The concert provides relatively rare live performances of Zooropean classics like "Numb," "Lemon," and "Dirty Day." They're songs that are underappreciated in the U2 canon; it was a terrific treat when the band pulled "Zoo Station" out of mothballs during the Vertigo Tour.
Ah, "Zoo Station." Bono's entrance at the start of Zoo TV is in itself a splendid salute to excess and symbolism. Backlit by the flag of the European Union then TV static, Bono stumbles around in a faux drunken stupor then moves into a full-blown swagger. From there, the show becomes an unstoppable juggernaut that mixes mass media and technology with the very heart and soul of U2—the tunes.
Disc 2 includes four worthwhile bonus tracks in terms of documenting the sheer madness of the tour. No one performance can capture all the insanity, so it's great to see "Tryin' to Throw Your Arms Around the World" (which incorporates a champagne montage of a bevy of ladies plucked from the floor to dance on stage with Bono) and "Desire" (featuring the aforementioned Mirrorball Man), both taken from the Yankee Stadium TV special. There are also alternate versions of "The Fly" and "Even Better Than the Real Thing," the latter includes Bono pointing out, on the eve of U2's planned trip to Sellafield, how the visit's cancellation by the powers that be only helped give Greenpeace more publicity than they otherwise ever would have garnered.
The bonus tracks are in two-channel stereo, but they also feel more raw and spontaneous, without the pressure of having to be "perfect" for a home video release.
If a complaint is to be made, it's that too much is never enough. More bonus tracks would've been welcome.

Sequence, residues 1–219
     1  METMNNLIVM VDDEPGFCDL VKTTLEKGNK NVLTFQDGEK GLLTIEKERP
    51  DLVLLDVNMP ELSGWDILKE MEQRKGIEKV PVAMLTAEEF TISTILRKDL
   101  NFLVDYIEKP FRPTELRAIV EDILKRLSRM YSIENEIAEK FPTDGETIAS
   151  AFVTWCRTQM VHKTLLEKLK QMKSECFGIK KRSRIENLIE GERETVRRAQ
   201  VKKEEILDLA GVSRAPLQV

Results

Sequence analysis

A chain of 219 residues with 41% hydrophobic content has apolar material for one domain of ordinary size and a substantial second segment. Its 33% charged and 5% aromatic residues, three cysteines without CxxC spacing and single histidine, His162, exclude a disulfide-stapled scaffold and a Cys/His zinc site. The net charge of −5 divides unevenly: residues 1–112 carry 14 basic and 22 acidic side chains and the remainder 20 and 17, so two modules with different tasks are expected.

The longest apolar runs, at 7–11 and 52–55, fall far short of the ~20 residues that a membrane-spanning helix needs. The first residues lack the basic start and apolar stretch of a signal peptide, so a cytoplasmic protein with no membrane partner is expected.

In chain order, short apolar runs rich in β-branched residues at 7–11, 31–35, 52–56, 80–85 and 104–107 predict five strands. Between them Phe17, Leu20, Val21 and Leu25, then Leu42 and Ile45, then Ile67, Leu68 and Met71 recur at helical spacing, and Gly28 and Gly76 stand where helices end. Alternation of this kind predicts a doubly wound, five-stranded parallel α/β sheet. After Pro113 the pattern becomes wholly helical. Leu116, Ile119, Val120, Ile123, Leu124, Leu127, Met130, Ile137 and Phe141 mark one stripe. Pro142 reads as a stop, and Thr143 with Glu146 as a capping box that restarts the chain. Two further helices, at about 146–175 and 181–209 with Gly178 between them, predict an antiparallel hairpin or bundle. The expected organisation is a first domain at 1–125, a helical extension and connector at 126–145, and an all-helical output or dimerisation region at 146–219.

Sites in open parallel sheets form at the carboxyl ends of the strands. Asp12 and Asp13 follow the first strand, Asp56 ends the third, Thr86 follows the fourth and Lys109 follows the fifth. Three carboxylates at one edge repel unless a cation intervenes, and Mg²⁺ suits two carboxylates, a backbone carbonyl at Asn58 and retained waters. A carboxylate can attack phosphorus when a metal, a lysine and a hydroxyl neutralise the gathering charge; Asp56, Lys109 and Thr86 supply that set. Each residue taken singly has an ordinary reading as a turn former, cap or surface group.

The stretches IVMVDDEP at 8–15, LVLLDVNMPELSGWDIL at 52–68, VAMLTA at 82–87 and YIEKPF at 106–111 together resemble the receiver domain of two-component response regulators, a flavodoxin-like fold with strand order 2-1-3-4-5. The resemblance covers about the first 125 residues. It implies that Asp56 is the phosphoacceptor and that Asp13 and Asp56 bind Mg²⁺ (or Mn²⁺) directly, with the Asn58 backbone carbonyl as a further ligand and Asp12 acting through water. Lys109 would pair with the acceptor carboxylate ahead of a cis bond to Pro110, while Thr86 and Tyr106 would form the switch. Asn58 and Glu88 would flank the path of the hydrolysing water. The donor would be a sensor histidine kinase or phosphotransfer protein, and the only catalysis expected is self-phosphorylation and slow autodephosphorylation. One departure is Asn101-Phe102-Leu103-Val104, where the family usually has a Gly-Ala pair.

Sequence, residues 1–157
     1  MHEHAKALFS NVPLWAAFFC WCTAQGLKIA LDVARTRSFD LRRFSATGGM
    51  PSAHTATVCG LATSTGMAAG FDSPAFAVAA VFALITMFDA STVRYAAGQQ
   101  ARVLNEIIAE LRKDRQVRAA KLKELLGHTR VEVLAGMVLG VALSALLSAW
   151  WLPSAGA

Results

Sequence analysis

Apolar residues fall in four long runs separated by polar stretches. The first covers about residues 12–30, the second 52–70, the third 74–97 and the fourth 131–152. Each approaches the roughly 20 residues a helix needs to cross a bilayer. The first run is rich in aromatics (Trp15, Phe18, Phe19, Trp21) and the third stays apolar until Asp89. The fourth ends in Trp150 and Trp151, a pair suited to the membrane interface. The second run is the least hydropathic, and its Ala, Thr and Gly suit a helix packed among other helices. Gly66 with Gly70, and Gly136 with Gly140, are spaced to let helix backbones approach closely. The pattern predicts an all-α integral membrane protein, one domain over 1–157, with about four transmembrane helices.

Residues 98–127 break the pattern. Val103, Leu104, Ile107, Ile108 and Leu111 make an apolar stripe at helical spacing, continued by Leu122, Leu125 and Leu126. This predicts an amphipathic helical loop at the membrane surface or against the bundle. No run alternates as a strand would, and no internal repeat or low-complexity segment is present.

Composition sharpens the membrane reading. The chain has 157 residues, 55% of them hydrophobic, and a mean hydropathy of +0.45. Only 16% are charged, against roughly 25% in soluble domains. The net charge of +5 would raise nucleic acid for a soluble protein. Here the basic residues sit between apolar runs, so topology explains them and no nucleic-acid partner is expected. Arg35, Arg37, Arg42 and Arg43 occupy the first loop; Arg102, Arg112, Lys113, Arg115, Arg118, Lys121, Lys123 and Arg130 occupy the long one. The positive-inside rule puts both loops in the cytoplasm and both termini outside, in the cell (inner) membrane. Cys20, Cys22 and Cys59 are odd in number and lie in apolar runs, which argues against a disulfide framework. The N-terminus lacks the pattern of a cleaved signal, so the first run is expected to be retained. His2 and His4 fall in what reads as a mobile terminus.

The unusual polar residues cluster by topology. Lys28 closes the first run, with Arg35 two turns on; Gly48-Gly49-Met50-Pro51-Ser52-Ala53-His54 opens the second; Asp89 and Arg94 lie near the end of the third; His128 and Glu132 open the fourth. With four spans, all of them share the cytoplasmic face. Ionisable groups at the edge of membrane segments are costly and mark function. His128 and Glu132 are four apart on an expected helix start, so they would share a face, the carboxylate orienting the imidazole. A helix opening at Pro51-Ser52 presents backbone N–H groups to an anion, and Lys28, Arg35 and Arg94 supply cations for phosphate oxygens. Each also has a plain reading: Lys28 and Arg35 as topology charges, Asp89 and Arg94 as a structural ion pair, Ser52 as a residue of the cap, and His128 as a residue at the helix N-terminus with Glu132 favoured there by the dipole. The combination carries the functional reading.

Also on view on Disc 2 are three short documentaries, "A Fistful of Zoo TV," Zoo TV—The Inside Story," and "Trabantland." As a whole, they provide a nice behind-the-scenes tour through the underbelly of the Zoo TV machine. It's particularly hilarious to watch longtime U2 manager Paul McGuinness take on the aura of a BBC journalist as he investigates the materials used in making the original Trabants.
Wallpapers, screensavers and web links to some of U2's favorite causes are on tap as DVD-ROM content.
Rounding out the set is a five-minute sampling from the Zoo TV Confessional. For those unfamiliar with the tour, there was a confession both where visitors could unload their most intimate secrets. Then some of those confessions would be broadcast over the Zoo TV airwaves. Long before "Survivor" and "Big Brother," U2 and ZooTV had the whole reality TV concept down pat.
As for the packaging, there's a booklet that mimics the feel of the tour's program; it's a concept U2 have used in prior DVDs, including the "Vertigo Live from Chicago" set. This time, that feel extends to including stickers similar to those found in the original Zoo TV tour book. They're clever, those Irishmen.
Overall, it's an oddly delayed DVD set that does an excellent job of documenting a phenomenal, one-of-a-kind extravaganza. A must-have for hungry U2 fans and general music fans alike that enjoy and appreciate a stunning, thought-provoking and these-days-altogether-rare, utterly satisfying example of how it's done.
• Originally published at Interference.com.